This story linked here came about a bit on a lark. My new friends in the Italian press corps told me they were attending a late-afternoon press conference with leaders of the European Union and parliament. I decided to go, sat near the front, and tuned out the obligatory chatter about progress near the end of the summit (there was none). Instead, I had just one question and made sure the moderator called on me.
When he did, I mentioned that the top priority of the EU is about accuracy in carbon accounting, and yet it allows, as a matter of policy, for biomass (wood pellets) to be burned instead of called and being considered carbon neutral. As a result, biomass emissions, which studies have concluded pollute more than coal, are not counted by the nation burning them. So much for a commitment to accurate carbon accounting.
The two ministers paused before answering my question. More than 100 foreign journalists crowded the room. I thought they my ignore it. But they didn’t. And their answers surprised me enough, and the NGOs I ran it by, that I realized I had credible story to write on one of the high-profile issues I will continue to cover in this climate emergency saga.
One of the most disturbing stories I’ve covered in recent years now moves from the forests and sidelines to — possibly — an international court in Brussels, as this story illustrates.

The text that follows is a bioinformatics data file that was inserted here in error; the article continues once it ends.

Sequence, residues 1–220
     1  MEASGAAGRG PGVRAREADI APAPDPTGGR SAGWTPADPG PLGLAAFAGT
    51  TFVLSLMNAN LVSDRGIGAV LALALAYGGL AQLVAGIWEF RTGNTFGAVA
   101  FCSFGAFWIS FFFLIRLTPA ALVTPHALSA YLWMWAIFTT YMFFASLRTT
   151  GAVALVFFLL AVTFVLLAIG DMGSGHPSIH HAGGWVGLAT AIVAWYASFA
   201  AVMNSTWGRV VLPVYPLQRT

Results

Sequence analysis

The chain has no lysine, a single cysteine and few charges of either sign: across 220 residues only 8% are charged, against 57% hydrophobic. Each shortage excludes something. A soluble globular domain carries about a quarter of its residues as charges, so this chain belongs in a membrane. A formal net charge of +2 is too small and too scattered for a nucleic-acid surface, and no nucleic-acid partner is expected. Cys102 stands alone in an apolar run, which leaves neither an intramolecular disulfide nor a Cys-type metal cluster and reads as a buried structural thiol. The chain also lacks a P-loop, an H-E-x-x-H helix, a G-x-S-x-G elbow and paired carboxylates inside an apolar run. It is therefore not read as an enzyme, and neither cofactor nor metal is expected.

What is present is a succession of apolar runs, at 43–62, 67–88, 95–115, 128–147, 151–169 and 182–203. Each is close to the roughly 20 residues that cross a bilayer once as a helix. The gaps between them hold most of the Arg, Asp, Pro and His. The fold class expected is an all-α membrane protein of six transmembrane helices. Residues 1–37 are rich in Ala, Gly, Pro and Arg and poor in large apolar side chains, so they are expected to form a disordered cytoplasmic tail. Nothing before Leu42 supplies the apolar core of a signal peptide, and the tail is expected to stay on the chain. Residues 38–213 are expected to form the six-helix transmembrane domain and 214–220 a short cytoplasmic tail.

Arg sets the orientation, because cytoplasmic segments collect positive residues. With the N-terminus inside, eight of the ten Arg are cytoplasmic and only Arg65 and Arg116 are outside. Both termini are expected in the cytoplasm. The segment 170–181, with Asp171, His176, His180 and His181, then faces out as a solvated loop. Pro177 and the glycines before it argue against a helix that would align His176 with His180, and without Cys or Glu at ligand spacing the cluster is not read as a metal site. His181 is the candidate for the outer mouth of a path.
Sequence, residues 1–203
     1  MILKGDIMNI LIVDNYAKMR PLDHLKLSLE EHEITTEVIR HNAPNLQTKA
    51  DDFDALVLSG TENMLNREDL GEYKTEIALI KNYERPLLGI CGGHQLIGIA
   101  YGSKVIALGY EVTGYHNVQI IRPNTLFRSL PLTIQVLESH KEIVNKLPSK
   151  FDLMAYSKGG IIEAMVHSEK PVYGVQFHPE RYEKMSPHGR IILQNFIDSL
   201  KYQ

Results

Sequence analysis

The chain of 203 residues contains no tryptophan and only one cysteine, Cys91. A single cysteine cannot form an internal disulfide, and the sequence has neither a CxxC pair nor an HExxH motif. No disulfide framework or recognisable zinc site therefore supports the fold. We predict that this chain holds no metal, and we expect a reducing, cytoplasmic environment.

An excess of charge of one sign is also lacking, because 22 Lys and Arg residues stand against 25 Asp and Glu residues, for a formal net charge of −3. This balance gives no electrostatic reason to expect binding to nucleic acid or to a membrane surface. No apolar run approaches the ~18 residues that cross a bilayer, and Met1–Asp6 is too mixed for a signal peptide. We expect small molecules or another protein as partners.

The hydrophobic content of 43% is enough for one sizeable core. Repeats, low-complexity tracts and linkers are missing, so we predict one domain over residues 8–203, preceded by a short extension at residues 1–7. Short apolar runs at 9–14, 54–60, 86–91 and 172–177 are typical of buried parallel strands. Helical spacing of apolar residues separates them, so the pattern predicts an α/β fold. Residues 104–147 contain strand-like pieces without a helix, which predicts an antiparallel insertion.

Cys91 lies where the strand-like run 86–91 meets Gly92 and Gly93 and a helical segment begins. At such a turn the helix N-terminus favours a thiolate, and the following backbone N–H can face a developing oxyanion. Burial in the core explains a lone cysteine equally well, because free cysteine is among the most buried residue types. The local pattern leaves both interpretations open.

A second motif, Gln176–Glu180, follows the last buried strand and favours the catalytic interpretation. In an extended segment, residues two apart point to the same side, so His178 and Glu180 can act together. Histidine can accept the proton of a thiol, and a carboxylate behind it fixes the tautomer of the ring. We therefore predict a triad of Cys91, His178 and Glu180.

Here’s the gist of the story, as summarized by my editor Glenn Scherer:
Plaintiffs in five European nations and the U.S. filed suit Monday, 4 March, in the European General Court in Luxembourg against the European Union. At issue is the EU’s rapid conversion of coal-burning powerplants to burn wood pellets and chips, a process known as bioenergy. Activists see the EUs bioenergy policies as reckless and endangering the climate.
Bioenergy was classified as carbon neutral under the Kyoto Protocol, meaning that nations don’t need to count wood burning for energy among their Paris Agreement carbon emissions. However, studies over the last 20 years have found that bioenergy, while technically carbon neutral, is not neutral within the urgent timeframe in which the world must cut emissions.
Emmylou Harris, wringing her fingers as she learns more and more abou thte EU refugee ciris. Photo by Justin Catnoso
This is a little outside my specialty of climate change, but I couldn’t pass up the opportunity to spend time with and interview Emmylou Harris, one of the greatest voices in American music. She’s also a great humanitarian, as my story tries to explain. Here’s the link.
I met her in Rome, Italy, on June 3 thanks for the herculean efforts of my good friend Jill Drzewiecki with the Jesuit Refugee Service. She organized the three-day visit, which included a private concert for about 60 invited guests at the residence of David Lane, US ambassador to UN Agencies.
Emmylou trying to take in all the information being tossed her way by members of the Jesuit Refugee Service. Photo by Justin Catanoso
My good friend with JRS, Jill Drzewiecki, telling Emmylou about the discrimination encountered daily by refugees in Italy. Photo by Justin Catanoso
Emmylou Harris performing at at private concert on June 3 at the residence of David Lane, US ambassador to UN Agencies. Photo by Justin Catanoso